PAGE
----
NewBridge family shelter is dedicated to reducing domestic violence by providing a safe haven and educational services to victims.
24-hour Hotline 800-749-8631
You Are Not Alone
In case of EMERGENCY, dial 911
24-hour Hotline 800-749-8631
During Normal Business Hours: 325-658-8631 or 325-655-5774
Online Safety Resources
While we encourage you to use the Internet to access information and connect with others online, we hope you do so safely. Here is a list of several resources with great content about staying safe online.
General Online Safety
StaySafeOnline.org is a project of the National Cyber Security Alliance. NCSA’s mission is to educate and therefore empower a digital society to use the Internet safely and securely at home, work, and school, protecting the technology individuals use, the networks they connect to, and our shared digital assets. StaySafeOnline.org has wonderful information about general online safety and a number of other topics.
Online Safety for Survivors of Domestic Violence, Dating Abuse or Stalking
Reputation.com has information and resource links concerning cyberstalking.
Internet Safety Resources for Parents
Childnet International is a leading resource for parents who want to understand how best to keep their children safe online.
The National Center for Missing and Exploited Children also offers information for parents through their NetSmartz website.
If you are currently being stalked or abused, we recommend that you use a computer that your abuser does not know about – at a public library, a trusted friend’s home, an Internet café or at a community technology center.
Emergency Escape Button: The top of every page of this website contains a red “Hide This Page” button. Use this button if your abuser enters the room and you need to exit the page in a hurry. When you click on this button the page you are viewing is automatically redirected to the Google website.
Computers record everything you do. It is IMPOSSIBLE to clear your tracks completely.
Your computer stores hundreds of bits of information about everything you do with your computer, including information about which websites you’ve visited, your passwords, and what your emails say. Your abuser can readily track the websites you visit or read your email messages. Using a separate computer is best, but you can protect yourself at home by familiarizing yourself with processes like private browsing, deleting your browser history, clearing your cache and deleting cookies.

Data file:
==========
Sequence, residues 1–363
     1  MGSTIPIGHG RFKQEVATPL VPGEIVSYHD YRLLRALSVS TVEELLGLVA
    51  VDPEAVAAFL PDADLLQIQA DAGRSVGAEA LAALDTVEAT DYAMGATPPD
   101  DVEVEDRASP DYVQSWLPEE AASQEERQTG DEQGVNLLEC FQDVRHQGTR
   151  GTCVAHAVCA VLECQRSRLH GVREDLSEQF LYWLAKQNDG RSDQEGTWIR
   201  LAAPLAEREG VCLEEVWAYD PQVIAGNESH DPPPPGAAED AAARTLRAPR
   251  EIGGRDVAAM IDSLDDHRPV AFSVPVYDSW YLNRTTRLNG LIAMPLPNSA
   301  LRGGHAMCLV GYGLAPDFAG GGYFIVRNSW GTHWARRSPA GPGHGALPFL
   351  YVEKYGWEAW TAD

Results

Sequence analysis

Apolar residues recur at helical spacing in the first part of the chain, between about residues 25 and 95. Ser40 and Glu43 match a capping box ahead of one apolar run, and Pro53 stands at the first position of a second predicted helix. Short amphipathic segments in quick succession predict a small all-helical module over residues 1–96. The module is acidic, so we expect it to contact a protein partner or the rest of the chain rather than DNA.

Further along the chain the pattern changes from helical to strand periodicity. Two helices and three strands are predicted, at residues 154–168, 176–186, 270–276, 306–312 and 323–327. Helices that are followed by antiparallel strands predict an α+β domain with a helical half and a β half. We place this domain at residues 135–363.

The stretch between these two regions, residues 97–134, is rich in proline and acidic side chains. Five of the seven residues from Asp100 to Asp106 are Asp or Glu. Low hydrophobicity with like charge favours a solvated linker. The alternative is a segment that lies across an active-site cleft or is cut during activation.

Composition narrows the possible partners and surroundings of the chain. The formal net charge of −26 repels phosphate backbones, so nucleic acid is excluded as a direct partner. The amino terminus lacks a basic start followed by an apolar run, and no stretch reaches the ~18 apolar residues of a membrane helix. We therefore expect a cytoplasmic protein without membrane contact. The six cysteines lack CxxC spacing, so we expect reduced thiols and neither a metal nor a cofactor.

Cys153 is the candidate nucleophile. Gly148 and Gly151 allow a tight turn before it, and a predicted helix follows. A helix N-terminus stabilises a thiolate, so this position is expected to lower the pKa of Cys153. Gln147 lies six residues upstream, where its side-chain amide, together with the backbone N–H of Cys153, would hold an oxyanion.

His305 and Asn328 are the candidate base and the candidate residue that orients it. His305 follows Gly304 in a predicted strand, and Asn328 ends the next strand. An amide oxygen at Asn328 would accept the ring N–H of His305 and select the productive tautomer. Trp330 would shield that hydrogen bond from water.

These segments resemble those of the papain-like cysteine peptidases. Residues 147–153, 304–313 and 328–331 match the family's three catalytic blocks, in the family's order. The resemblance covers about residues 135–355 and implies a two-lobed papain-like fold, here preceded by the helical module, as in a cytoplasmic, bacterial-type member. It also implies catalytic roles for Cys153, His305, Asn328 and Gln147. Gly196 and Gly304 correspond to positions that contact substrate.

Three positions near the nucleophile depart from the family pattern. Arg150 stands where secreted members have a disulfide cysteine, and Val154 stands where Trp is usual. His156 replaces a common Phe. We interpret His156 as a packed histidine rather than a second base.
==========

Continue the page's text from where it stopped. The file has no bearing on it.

If you suspect your activities are being monitored, they probably are.
Abusive people are often controlling and want to know your every move. You don’t need to be a computer programmer or have special skills to monitor someone’s computer activities – anyone can do it and there are many ways to monitor your activities – even without having direct access to your computer.
Email is not a safe or confidential way to communicate.
Sending email is like sending a postcard through the mail. Anyone along the path can read what it says. If you need to talk to someone about the danger or abuse in your life, if possible, please call a hotline instead.
If you must use email to discuss your situation we suggest you use an account that your abuser doesn’t know about.
Set up a new account with a free email service like hotmail, yahoo, or gmail. DO NOT use a name or password that contains any identifying information (no names, nicknames, initials, birthdates, zipcodes, etc.) Instead use a name and password that contains a random mix of letters, CAPITAL letters and numbers (for example, HJ3v67Tn) – Make sure you can remember the user name and password! If you must write it down somewhere, put it in a place your abuser is unlikely to find it. If the computer asks if you would like it to save your password or login information tell it NO.
If you must use a computer that your abuser knows about, we suggest “safer” Internet surfing. For example, if you are planning to flee to California, don’t look just at California web pages for jobs, apartments, bus tickets, etc. Look for the same information in at least a half dozen other states too.